3. EV Simulation

    In this study, the acceleration performance improvement of the EV owing to the two-speed transmission was evaluated. The 0-100 km/h time of the single-gear-ratio EV and two-speed-gear-ratio EV was compared. To compare the 0-100 km/h time, the optimal gear ratios of the two vehicles were determined because the best 0-100 km/h time is observed when optimal gear ratios are used. To determine the optimal gear ratios, iterative simulations were performed. Fig. 2 shows the iterative simulations. In this study, the iteration step is one . The acceleration performance simulations were performed for all combinations of the first and second gear ratios. From equations (5) and (6), it can be inferred that the acceleration performances of the front-wheel-drive EV and rear-wheel-drive EV can be different. Thus, in this study, the acceleration simulations were performed for both the front- and rear-wheel-drive EVs.

    3.1 Front wheel drive EV

    Table 2 shows the simulation results of the 0–100 km/h time for the front-wheel-drive EV. The iterative simulations are performed for the gear ratios from 1 to 8. It is because the 0-100 km/h time does not change after the gear ratio 8. If the gear ratio is bigger than 8, the driving force is bigger than equation (5). Therefore, the tire is unable to provide the driving force. Thus, the 0-100 km/h time remains the same.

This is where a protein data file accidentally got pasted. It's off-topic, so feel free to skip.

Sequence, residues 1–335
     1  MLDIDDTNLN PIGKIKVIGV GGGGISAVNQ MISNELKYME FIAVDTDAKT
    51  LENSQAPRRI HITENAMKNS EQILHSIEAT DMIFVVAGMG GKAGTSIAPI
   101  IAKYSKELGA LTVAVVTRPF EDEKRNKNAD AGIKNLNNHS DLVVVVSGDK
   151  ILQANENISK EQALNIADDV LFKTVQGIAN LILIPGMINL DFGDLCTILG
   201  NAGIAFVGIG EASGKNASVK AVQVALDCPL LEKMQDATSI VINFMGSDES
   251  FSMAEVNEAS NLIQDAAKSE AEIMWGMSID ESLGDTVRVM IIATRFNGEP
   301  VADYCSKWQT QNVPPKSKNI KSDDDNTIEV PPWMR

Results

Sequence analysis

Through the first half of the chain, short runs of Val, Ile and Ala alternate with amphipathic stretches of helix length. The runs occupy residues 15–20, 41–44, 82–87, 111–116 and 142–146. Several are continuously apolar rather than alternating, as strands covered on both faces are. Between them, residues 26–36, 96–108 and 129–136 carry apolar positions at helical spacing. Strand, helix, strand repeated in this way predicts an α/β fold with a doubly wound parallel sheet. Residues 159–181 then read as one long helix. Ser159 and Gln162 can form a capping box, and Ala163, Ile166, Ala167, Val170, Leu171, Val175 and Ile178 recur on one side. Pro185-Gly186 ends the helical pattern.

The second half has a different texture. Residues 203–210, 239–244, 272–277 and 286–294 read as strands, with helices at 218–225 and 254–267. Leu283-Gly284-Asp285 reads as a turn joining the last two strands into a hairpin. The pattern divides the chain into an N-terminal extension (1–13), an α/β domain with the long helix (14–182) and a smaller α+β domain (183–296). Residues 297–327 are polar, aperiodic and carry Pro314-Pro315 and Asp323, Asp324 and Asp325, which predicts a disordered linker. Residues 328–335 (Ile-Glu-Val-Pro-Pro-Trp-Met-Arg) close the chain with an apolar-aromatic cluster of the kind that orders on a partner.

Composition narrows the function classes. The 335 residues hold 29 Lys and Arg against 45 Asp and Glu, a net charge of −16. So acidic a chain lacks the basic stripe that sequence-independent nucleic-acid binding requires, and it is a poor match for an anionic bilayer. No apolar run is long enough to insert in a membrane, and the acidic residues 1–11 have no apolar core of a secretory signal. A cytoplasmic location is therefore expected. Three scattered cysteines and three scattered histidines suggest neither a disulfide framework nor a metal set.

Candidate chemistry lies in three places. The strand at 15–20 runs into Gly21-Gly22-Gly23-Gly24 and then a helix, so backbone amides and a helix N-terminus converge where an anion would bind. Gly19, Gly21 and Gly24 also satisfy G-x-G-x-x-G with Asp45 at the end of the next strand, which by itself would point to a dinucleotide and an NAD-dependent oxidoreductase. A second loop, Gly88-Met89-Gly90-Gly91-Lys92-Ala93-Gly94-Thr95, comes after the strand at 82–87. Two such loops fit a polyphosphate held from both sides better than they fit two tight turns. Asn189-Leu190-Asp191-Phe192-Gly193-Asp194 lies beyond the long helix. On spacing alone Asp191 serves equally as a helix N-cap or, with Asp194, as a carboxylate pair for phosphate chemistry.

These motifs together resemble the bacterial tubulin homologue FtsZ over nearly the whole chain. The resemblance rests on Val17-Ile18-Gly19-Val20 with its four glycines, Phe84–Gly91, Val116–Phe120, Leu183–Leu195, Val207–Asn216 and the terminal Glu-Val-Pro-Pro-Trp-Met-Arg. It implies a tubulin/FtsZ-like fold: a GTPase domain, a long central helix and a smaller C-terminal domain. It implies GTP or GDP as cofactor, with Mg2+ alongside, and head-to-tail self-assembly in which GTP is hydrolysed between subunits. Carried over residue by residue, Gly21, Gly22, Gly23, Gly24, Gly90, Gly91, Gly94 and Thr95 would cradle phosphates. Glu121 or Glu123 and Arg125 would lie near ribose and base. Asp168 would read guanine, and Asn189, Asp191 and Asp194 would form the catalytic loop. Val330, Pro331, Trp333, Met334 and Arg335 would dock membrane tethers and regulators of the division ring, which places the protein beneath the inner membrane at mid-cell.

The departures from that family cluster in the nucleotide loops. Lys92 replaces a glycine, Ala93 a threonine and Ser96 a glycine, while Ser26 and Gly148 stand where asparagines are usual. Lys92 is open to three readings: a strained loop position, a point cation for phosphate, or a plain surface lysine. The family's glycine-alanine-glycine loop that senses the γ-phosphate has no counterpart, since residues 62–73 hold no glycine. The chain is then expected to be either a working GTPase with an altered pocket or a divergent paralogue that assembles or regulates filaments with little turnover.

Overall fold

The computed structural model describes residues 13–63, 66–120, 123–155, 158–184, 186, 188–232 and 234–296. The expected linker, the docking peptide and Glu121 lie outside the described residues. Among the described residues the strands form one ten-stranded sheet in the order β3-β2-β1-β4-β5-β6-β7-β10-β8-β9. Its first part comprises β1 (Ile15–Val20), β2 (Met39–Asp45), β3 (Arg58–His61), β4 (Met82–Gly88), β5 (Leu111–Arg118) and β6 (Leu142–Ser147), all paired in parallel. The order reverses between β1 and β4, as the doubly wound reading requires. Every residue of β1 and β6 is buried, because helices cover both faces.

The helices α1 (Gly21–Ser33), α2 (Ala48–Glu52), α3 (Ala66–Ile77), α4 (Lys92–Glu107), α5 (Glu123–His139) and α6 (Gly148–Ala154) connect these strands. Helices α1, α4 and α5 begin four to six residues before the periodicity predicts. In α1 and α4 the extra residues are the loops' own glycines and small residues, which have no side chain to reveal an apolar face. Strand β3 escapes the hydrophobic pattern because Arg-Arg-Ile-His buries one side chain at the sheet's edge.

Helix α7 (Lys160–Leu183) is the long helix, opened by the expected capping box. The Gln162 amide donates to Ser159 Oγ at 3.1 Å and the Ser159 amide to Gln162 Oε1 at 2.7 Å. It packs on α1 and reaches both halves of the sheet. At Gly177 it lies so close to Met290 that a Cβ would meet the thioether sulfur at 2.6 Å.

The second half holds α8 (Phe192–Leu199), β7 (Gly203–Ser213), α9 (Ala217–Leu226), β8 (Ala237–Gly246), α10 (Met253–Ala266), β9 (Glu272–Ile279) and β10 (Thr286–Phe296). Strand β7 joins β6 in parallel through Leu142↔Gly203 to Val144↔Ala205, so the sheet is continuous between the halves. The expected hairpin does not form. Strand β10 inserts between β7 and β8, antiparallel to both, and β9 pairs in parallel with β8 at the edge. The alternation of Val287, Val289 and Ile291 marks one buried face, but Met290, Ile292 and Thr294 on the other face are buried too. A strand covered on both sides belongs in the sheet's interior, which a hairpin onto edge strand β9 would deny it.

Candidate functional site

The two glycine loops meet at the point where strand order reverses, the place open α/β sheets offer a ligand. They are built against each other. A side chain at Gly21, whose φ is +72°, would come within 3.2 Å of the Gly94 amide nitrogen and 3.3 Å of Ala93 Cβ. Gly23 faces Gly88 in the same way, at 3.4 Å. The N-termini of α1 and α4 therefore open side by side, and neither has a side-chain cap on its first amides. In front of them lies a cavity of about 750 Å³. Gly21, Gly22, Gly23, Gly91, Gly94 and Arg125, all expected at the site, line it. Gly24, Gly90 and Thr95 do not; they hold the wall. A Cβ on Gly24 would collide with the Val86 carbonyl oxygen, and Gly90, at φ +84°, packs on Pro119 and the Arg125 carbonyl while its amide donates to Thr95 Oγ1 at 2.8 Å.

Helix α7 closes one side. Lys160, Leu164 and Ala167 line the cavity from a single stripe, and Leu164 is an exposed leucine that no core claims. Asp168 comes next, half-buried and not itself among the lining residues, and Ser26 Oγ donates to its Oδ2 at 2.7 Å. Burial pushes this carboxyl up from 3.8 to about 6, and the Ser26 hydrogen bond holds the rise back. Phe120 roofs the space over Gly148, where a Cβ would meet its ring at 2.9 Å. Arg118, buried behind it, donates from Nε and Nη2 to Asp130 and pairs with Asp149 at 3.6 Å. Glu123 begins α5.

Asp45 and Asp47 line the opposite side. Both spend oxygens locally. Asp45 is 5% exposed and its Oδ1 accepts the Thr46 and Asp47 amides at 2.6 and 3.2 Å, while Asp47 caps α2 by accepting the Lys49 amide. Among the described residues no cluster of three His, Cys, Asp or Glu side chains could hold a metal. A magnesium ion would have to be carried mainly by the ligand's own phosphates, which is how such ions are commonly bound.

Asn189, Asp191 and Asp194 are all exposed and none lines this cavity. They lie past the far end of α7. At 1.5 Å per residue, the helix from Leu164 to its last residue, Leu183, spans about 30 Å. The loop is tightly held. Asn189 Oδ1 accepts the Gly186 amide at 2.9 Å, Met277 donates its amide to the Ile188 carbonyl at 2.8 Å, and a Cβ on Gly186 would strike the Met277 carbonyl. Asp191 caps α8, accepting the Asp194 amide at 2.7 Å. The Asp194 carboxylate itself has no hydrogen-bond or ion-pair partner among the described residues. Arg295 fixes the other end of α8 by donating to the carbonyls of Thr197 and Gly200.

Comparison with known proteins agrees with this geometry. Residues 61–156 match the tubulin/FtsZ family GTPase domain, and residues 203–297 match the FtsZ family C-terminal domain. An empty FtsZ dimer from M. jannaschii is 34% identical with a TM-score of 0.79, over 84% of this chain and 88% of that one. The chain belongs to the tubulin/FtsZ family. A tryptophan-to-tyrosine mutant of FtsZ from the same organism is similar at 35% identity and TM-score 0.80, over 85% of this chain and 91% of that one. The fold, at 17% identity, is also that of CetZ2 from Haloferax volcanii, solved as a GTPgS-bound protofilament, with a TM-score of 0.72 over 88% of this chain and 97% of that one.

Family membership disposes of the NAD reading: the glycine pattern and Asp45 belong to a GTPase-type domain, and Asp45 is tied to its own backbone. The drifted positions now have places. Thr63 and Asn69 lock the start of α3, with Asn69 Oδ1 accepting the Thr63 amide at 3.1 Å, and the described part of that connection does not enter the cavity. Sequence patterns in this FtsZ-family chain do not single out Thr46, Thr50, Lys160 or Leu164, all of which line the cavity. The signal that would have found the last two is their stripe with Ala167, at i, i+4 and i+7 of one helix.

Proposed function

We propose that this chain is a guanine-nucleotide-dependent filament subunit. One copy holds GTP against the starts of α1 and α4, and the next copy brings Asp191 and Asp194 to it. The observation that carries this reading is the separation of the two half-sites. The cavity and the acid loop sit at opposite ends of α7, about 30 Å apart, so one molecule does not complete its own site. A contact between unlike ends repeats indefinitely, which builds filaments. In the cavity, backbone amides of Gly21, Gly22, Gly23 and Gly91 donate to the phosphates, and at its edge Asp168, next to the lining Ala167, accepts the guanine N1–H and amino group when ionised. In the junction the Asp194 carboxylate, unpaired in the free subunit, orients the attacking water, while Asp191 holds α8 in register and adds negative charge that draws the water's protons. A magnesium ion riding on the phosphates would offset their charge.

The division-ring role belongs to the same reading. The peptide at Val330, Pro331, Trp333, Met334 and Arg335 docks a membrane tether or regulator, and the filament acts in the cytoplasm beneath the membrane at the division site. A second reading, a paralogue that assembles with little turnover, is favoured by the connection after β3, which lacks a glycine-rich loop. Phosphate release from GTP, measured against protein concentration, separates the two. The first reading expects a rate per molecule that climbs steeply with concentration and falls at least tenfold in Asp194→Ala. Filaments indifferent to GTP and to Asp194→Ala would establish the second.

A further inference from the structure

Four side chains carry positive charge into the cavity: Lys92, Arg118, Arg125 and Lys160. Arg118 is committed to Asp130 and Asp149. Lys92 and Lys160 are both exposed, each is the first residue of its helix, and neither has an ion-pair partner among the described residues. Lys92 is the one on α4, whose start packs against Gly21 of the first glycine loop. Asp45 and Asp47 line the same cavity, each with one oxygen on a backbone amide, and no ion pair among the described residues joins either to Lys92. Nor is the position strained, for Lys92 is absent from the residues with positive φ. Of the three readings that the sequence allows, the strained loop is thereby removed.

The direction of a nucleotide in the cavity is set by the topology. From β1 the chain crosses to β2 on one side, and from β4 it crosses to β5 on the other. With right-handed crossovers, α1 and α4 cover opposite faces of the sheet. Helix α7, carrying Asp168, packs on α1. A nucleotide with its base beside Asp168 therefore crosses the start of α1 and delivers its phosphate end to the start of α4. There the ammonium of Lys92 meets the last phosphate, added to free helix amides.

As shown in table 2, when the first gear ratio was 3, and the second gear ratio was 8, the 0-100 km/h time was 9.84 sec. In addition, when the first gear ratio was 8, and the second gear ratio was 3, the 0-100 km/h time was the same as that of the aforementioned case. This can be attributed to the fact that the iterative simulations were performed based on the square matrix, such as Fig. 2. Therefore, table 2 exhibited diagonal symmetry. A first and second gear ratio of 5 implies that the single-gear ratio EV had a gear ratio of 5. Thus, the diagonal line in table 2 represents the 0-100 km/h time of the single-gear-ratio front-wheel-drive EV. Fig. 3 shows the simulation results of the 0-100 km/h time for the single-gear-ratio front-wheel-drive EV. A better 0-100 km/h time was observed at a higher gear ratio. Therefore, the maximum velocity should be considered. Table 3 shows the simulation results of the maximum velocity for the front-wheel-drive EV. The diagonal line of table 3 represents the maximum velocity of the single-gear-ratio front-wheel-drive EV. Fig. 4 shows the simulation results of maximum velocity for the single-gear-ratio front-wheel-drive EV. When the single gear ratio was 1, the maximum velocity was 123 km/h. However, for a single gear ratio of 2, the maximum velocity was 197 km/h. This can be attributed to the fact that a larger gear ratio provides sufficient driving force to overcome the air drag force of the vehicle. When the single gear ratio was 7, the maximum velocity decreased because the higher gear ratio accelerated the motor speed. Thus, the motor speed reached a maximum value, and the vehicle attained its maximum velocity.